A Western Australian Buddhist community: charisma in continuity and change

Maureen Roberts

Research output: ThesisMaster's Thesis

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Today the religion of Buddhism is enjoying much worldwide attention. In Asia,
movements of reform are gaining strength and in Western society different
forms of Buddhism are emerging.

This research records the establishment of a Theravada Buddhist community
in Western Australia. Migrants and refugees from traditional Buddhist
countries join together with many Westerners 'new' to Buddhism to support an
ordained community.

My central argument in this thesis is that this monastic leadership is the
principal element of continuity of the religion. As Western monks, they are
largely responsible for the transmission of the practice of Buddhism from one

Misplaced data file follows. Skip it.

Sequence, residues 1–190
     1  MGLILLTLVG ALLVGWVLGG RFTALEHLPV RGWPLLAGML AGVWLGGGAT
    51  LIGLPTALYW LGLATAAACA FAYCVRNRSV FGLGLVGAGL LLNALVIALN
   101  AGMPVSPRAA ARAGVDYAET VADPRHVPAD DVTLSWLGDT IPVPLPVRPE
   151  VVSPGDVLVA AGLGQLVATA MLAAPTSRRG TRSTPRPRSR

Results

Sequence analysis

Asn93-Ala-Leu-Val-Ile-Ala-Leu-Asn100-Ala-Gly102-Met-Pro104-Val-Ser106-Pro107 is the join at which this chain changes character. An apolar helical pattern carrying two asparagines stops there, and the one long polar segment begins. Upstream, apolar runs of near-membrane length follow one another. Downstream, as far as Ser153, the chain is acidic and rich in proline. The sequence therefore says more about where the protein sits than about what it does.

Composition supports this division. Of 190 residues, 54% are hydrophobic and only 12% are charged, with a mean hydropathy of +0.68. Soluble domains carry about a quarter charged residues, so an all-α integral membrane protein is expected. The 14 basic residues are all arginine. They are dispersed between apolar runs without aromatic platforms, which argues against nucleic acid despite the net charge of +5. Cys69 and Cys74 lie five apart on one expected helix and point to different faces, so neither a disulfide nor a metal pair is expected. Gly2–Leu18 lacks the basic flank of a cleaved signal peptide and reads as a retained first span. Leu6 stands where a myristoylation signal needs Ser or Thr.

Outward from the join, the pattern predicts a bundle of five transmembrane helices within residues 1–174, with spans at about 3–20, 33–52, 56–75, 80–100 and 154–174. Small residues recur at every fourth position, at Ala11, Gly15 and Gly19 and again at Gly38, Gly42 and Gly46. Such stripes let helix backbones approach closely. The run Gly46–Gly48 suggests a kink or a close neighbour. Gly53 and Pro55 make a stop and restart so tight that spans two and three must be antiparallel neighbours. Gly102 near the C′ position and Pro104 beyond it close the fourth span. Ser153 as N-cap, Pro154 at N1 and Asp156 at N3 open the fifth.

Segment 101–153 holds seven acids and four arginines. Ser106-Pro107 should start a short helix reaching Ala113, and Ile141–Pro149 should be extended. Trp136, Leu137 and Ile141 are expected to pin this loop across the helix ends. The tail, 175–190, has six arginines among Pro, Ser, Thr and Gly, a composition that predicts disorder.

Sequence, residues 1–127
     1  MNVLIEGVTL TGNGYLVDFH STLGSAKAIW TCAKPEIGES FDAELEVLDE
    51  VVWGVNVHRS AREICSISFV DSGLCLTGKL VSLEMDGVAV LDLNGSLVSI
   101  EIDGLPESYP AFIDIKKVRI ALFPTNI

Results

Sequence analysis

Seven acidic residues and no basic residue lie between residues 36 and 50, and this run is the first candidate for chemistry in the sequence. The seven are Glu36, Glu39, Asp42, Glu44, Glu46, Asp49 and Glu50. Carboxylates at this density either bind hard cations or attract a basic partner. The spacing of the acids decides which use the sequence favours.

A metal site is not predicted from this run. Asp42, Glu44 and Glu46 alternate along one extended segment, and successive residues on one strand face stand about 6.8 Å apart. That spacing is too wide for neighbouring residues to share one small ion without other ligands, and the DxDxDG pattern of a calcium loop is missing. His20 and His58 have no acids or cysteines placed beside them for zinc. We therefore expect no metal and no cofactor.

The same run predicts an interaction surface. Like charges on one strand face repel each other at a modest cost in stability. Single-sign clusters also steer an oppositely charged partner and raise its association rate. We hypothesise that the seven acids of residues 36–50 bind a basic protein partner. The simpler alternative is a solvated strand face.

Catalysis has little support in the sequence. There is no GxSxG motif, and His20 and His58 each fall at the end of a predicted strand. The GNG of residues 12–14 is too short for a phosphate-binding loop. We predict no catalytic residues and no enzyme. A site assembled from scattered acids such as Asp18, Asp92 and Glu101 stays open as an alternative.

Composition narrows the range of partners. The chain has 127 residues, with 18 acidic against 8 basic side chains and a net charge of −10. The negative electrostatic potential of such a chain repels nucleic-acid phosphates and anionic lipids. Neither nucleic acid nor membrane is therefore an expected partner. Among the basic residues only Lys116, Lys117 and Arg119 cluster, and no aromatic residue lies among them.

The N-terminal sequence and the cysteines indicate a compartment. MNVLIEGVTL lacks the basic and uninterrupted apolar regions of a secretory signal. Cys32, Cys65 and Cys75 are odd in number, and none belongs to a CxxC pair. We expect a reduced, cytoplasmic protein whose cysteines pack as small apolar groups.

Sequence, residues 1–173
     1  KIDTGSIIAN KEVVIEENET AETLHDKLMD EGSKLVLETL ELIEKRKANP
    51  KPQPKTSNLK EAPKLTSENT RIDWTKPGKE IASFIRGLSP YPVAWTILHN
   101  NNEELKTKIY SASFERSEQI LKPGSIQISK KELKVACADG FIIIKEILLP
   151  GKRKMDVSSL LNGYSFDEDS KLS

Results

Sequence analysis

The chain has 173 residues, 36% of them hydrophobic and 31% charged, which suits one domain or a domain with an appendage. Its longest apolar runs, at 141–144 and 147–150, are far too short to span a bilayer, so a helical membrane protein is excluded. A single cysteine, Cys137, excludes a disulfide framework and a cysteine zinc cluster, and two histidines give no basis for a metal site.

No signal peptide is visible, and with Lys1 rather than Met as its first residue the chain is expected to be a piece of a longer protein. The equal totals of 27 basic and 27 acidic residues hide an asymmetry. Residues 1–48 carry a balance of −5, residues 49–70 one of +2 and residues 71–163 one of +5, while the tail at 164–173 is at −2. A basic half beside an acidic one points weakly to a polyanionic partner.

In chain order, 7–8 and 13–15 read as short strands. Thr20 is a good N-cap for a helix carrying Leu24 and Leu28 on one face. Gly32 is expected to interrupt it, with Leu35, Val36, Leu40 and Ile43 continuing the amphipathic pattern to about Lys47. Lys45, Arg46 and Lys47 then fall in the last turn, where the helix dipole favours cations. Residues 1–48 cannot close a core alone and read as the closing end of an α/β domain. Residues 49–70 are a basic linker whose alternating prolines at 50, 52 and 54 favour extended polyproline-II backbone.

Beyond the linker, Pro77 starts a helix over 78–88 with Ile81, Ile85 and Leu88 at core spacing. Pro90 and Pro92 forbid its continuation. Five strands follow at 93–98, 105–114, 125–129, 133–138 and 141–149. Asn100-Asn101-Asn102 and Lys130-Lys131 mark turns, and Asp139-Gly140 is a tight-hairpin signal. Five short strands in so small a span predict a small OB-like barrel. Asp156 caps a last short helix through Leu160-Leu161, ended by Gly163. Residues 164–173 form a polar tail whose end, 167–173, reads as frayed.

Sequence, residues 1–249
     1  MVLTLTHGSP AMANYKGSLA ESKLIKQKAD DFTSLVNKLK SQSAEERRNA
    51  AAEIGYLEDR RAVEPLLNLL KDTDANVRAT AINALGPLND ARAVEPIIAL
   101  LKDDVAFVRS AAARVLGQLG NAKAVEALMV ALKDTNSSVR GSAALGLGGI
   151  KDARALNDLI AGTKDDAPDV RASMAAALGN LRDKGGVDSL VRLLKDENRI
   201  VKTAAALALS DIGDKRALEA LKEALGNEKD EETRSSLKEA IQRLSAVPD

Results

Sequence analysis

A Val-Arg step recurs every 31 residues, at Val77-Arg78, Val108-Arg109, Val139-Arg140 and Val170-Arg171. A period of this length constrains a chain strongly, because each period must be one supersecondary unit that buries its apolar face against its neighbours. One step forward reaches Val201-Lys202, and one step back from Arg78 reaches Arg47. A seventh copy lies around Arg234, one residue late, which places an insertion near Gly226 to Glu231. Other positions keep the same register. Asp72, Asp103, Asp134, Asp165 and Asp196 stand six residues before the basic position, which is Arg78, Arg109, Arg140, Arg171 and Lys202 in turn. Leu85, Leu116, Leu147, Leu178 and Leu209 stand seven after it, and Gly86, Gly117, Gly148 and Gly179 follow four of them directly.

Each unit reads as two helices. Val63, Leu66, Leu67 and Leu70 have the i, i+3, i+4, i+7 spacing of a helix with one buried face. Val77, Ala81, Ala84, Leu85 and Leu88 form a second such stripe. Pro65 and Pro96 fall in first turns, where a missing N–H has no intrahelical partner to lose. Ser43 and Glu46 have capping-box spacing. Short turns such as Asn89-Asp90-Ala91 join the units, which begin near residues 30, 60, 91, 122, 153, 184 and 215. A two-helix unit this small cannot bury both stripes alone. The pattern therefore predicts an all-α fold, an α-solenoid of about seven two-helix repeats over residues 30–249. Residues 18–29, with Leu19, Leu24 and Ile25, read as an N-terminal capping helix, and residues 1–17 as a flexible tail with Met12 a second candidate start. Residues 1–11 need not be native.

culture to another. They have the language, societal knowledge, education and
expertise of Western society into which Buddhism is being introduced and
hence preserve the teaching and practice of the religion in a new society.

I further argue that the leadership of the Western monks not only ensures
continuity of tradition but also cohesiveness within a diverse community. The
ordained community acts as a pivot around which contrasting forces converge.
The interaction that occurs between ordained/non-ordained, male/female,
East/West, traditional and 'new' Buddhists, creates a vibrant living community.

A quality of 'charisma1 manifest in the ordained leadership is identified as the
catalyst that enables Buddhism to take root in a new society. As Buddhist
teaching is transferred from master to disciple, personal charisma, charisma of
office and lineage charisma result in the establishment of a forest monastery in
Western Australia. Charisma persists because of the monastic adherence to
the austere and rigorous practice of this tradition.
Original languageEnglish
Awarding Institution
  • The University of Western Australia
Publication statusUnpublished - 1992

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